25th Oct2013

‘Hummingbird’ Review

by Phil Wheat

Stars: Jason Statham, Agata Buzec, Vicky McClure, Benedict Wong | Written and Directed by Steven Knight

hummingbird-stathe

Hummingbird, aka Redemption, sees The Stathe play Joey, who finds himself homeless on the streets after going on the run from a military court-martial. One night he breaks into an apartment in Covent Garden and finds that the luxury penthouse will be empty for three months. He finds a credit card, car keys and a full bank account for him to plunder but, instead, he decides to use the opportunity to get clean and get a job. He gives up booze and drugs and finds work as a dish washer in a Chinese restaurant.

But before long, his talents are touted by a Chinese gangster boss who recruits him as a driver and enforcer. Joey rises through the ranks of the underworld in Soho – but he never forgets his old friends on the streets and looks to help out those in need in an attempt to find redemption – even if that means turning his back on the Chinese gangsters he works for.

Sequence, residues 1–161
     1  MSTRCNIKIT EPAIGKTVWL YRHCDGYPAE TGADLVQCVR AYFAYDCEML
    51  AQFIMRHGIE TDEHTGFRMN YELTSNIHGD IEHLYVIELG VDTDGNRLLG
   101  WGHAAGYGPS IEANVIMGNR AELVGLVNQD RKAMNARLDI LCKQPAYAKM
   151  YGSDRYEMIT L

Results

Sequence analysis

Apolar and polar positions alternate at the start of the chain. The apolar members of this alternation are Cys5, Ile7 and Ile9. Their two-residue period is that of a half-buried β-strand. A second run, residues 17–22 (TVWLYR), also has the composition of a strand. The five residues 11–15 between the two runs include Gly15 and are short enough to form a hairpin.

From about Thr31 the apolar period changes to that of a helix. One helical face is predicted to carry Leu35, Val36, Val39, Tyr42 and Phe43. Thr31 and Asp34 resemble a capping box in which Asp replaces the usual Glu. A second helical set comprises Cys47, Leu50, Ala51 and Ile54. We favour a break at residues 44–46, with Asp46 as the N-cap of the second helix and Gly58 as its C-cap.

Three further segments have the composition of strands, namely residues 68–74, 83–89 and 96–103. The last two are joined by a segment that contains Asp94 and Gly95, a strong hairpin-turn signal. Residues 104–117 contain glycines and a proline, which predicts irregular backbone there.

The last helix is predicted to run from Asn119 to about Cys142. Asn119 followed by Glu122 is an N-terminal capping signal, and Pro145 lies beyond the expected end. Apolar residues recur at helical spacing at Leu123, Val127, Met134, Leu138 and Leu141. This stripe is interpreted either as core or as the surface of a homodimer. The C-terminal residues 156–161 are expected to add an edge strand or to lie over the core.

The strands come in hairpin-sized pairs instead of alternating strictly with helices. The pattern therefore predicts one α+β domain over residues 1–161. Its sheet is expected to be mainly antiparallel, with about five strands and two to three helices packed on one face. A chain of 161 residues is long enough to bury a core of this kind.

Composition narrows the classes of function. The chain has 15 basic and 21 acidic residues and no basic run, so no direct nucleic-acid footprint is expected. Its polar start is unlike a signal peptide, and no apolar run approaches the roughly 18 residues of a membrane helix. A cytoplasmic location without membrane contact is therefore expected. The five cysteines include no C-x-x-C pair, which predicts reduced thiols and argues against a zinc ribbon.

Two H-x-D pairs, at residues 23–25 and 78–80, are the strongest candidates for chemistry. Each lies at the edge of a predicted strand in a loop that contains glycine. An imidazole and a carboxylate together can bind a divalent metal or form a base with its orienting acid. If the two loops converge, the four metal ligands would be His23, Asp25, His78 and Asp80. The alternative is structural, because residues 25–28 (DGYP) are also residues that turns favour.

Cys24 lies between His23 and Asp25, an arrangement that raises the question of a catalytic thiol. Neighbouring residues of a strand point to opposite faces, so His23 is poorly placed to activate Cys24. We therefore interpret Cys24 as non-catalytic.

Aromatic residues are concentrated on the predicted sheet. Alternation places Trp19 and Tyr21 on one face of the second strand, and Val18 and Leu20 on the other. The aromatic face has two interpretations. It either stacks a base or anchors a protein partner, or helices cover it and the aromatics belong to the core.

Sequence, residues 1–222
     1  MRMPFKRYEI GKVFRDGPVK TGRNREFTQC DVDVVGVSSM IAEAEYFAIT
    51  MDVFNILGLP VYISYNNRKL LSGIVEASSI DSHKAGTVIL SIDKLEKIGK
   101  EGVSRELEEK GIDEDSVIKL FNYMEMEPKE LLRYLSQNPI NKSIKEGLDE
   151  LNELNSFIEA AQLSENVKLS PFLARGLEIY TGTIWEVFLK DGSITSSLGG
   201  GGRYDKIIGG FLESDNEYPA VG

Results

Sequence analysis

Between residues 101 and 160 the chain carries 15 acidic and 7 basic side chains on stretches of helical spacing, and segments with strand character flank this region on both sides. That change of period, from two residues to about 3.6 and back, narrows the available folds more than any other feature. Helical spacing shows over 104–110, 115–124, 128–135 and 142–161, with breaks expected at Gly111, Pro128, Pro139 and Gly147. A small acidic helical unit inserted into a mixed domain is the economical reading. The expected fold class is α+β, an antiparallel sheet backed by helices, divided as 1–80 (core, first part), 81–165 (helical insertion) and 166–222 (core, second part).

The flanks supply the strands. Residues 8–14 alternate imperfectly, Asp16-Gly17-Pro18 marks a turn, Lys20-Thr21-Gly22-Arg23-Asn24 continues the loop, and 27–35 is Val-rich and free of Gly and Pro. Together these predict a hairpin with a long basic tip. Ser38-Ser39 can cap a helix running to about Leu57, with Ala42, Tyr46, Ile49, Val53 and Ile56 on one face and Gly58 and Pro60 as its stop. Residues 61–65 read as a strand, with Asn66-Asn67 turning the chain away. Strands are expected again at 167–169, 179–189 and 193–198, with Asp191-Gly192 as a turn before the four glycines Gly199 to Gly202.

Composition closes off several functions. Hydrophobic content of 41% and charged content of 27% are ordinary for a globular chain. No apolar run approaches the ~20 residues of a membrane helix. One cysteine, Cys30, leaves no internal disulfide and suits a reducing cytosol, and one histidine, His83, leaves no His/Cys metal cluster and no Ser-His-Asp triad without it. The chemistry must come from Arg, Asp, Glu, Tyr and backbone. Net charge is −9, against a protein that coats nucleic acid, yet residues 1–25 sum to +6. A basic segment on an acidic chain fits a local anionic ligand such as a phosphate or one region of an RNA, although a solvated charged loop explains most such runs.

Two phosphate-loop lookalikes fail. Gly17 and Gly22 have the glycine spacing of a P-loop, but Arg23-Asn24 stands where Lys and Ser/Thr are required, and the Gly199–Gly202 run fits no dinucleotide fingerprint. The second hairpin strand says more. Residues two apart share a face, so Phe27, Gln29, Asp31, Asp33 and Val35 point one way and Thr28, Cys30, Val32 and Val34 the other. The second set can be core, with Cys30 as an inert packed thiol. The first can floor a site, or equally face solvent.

Marking the feature film directorial debut of Steven Knight – the screenwriter behind Stephen Frears’ Dirty Pretty Things and David Cronenberg’s Eastern Promises - from the get-go you know Hummingbird isn’t going to be your typical “Jason Statham” movie. Tonally the film is worlds away from the likes of Crank, Death Race et al., there’s no flashy visuals or over the top action, instead we get a much more contemplative film that, on initial release, was touted as a change of filmic pace for movie hard man and budding action star Jason Statham, yet Hummingbird is in many ways very similar to the Stathe’s previous work…

There’s plenty of butt-kicking – some of it quite brutal and intense – only this time the pace is a little slower and Statham is actually given more than a flimsy plot to work with. Although don’t go expecting anything on a par with Knight’s other scripted films (Knight is no Cronenberg for one): there’s plenty of cliches and stereotypical characters and the tale is, to be honest, nothing new. But this is definitely a change of pace for Statham, and a welcome one. Don’t get me wrong, I love a good balls-to-the-wall, all-out-action Stathe flick but it’s also good to see him change tack and approach a role for the acting perspective rather than the action – he’s done it before in the likes of The Bank Job, Revolver and even Blitz to some extent – and those, along with Hummingbird, prove he has more to his acting chops than just kicking mucho arse.

Hummingbird is out now on DVD and Blu-ray from Lionsgate.

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